E-discovery has been a hot topic ever since changes made to the U.S. Federal Rules of Civil Procedure broadened the scope of electronic evidence back in 2006.
But Canadian IT departments shouldn’t lose sleep over e-discovery nightmares taking place in the U.S., according to one lawyer with experience practising on both sides of the border.
“The sky is not falling, No. 1,” said Stephen Maddex, associate in the Commercial Litigation Group at Lang Michener LLP in Ottawa, who is a member of the bar in Ontario and Texas.
“No. 2, organization is key,” he said. “The more businesses do get organized, the simpler it all becomes.”
Broadly speaking, there are two major differences between general Canadian practice and the U.S. federal rules, said Maddex.
One is the scope of discovery. “In the U.S., you can ask for pretty much anything, which is why e-mail has become such an important problem there,” he said. But Canadians “don’t have that same problem because the scope is narrower.”
For example, in the U.S., a company may be asked to file through its entire database and produce everything it has, which could be billions of e-mail messages, he said. “The cost to go through that and figure out what you need and what you don’t need to provide is extremely expensive,” he said.
Second is the duty to disclose. “In the U.S., parties have the right to compel the other side to produce whatever they ask for, whereas here in Canada, by and large, litigants have an affirmative duty to search their own records for themselves and produce what they think is relevant,” he said.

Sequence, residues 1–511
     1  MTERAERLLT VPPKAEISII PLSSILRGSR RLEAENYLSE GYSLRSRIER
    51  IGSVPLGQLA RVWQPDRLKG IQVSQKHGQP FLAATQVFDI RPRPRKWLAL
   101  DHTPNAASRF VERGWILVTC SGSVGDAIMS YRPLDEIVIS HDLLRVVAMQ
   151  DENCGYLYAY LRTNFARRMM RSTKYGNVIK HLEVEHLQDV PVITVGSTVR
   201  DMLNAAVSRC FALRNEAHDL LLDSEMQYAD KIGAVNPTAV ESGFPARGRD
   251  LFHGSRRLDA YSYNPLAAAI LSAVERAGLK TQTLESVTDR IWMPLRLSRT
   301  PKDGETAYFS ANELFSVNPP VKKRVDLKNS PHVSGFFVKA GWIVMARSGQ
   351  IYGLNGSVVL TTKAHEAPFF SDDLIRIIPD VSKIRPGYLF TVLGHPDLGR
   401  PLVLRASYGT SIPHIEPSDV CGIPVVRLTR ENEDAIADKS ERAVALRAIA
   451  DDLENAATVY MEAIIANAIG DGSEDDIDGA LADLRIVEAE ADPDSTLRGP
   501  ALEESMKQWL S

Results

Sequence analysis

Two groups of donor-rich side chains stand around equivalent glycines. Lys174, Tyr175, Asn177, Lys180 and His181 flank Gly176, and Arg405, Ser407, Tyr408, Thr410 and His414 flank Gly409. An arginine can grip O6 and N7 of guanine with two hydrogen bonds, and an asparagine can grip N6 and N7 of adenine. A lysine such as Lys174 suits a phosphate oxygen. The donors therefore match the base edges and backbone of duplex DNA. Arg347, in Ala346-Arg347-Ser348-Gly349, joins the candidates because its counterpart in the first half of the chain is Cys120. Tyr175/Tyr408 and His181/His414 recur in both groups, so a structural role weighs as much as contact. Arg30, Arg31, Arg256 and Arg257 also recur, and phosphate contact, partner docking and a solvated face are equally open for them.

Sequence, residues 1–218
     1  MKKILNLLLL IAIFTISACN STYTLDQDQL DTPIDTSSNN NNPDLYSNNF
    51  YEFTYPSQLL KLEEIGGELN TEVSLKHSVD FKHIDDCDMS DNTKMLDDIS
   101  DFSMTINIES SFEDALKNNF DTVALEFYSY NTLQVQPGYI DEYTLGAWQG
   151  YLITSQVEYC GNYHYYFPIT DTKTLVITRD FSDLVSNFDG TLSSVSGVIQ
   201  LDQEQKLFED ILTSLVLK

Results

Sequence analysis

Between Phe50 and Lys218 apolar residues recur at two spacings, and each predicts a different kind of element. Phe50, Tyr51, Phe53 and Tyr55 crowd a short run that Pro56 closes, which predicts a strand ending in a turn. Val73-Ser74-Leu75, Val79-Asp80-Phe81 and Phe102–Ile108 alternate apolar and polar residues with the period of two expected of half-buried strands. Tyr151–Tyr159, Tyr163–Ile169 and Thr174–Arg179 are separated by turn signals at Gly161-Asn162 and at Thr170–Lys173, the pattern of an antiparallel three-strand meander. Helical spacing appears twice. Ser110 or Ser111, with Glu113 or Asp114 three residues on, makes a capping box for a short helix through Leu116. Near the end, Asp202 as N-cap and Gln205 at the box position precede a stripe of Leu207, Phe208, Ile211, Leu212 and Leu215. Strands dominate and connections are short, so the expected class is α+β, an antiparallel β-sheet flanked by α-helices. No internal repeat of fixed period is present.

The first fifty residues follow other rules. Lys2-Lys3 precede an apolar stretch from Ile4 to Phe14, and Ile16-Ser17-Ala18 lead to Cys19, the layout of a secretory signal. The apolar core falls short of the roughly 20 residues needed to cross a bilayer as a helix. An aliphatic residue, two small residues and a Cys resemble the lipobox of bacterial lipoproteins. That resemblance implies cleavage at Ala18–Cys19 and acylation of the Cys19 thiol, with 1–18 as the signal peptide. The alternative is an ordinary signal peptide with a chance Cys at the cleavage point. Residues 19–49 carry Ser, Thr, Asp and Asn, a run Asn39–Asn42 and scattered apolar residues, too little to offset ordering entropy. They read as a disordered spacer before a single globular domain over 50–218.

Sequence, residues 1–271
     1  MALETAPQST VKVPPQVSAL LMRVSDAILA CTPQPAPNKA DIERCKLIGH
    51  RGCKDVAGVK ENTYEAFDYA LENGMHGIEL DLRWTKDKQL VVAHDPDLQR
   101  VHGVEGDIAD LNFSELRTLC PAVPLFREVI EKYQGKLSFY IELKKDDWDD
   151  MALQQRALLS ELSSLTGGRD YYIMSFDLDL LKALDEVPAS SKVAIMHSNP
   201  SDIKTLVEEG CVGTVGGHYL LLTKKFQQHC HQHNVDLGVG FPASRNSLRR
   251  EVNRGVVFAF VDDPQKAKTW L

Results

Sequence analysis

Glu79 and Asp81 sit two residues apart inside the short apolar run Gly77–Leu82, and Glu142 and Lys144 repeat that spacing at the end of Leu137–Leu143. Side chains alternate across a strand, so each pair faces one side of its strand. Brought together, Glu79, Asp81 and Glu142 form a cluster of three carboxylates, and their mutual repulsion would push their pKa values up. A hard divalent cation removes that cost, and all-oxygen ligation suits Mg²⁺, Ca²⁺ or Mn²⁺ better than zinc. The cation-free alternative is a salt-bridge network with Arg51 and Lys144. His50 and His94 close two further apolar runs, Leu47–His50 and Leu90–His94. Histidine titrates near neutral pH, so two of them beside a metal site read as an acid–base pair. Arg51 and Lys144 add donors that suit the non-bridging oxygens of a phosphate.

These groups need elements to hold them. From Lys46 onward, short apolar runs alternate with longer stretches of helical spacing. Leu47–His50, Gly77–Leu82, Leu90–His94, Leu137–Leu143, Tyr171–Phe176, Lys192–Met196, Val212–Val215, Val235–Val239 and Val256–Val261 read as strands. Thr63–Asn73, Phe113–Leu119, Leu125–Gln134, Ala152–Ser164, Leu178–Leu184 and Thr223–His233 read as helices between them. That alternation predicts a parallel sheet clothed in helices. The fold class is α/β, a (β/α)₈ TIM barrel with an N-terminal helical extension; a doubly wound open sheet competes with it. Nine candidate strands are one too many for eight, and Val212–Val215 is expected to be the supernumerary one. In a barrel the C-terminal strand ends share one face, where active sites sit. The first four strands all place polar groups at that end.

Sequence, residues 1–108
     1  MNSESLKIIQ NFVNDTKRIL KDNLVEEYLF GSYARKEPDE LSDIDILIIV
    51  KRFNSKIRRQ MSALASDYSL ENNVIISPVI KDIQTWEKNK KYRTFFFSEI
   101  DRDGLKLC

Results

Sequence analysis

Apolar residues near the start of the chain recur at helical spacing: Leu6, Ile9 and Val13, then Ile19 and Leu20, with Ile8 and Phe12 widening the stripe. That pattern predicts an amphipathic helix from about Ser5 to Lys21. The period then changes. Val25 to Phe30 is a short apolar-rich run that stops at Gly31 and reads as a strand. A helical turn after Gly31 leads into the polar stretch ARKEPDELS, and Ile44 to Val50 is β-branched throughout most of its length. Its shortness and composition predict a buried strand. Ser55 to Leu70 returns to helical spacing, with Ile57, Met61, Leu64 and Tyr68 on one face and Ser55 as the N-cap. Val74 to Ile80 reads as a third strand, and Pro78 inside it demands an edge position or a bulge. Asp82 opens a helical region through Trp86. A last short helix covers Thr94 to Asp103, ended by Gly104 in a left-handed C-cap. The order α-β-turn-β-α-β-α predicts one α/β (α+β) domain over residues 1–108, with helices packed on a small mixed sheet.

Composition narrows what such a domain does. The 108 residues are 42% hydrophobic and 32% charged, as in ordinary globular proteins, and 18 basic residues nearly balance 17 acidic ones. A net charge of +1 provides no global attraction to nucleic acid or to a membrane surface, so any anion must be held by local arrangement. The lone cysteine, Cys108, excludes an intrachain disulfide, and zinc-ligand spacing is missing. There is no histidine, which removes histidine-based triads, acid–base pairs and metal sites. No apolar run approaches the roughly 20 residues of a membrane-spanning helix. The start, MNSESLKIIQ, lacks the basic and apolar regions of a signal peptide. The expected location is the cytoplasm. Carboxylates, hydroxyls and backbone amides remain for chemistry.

Canadian businesses and individuals are required to keep certain records, but this is governed by specific legal requirements like tax laws, he said. “Other than that, you have no real obligation to keep anything,” he said.
A dispute between Air Canada and WestJet Airlines back in 2006 was described as the largest case of corporate espionage in Canadian history, said Maddex. Thousands of e-mail messages were exchanged, but that “would be like afternoon tea” in the States, he said.
The difference between e-discovery laws in Canada and the U.S. is “kind of like the difference between Canadian English and British English,” said Maddex. “The rules are so totally different that it is often not fully appreciated here.”
Thomas Sutton, a litigation partner at McCarthy Tétrault LLP in Toronto, takes a different spin. “I always see the fact that the onus is on the parties themselves … makes it harder,” he said.
“In Ontario, parties have an obligation to disclose all documents that are relevant to issues in the action without being asked by the other side. My understanding (of the U.S. federal rules) is that the opposing parties often make a document request and then you produce in response to those requests,” he said.
E-discovery laws in Canada and the U.S. “are fundamentally the same,” said Sutton. “The same principles apply, but they have to take into account the slight variances in our procedure.”
“I’m an advocate of, wherever possible, speak to counsel early and find out what they want rather than guess what they want; whereas if you just base it on what is relevant to the action, you could be searching and searching for things and producing things that you think are relevant that the other side doesn’t even care about,” he said.
The Sedona Canada Principles Addressing Electronic Discovery, developed by the Sedona Canada Working Group, are a good starting point for IT managers seeking a basic understanding of e-discovery laws, said Sutton.
The principles were developed in Canada in part to build upon the lessons learned in the United States, he said. “It was clear there was a growing need for comparable principals here in Canada,” he said.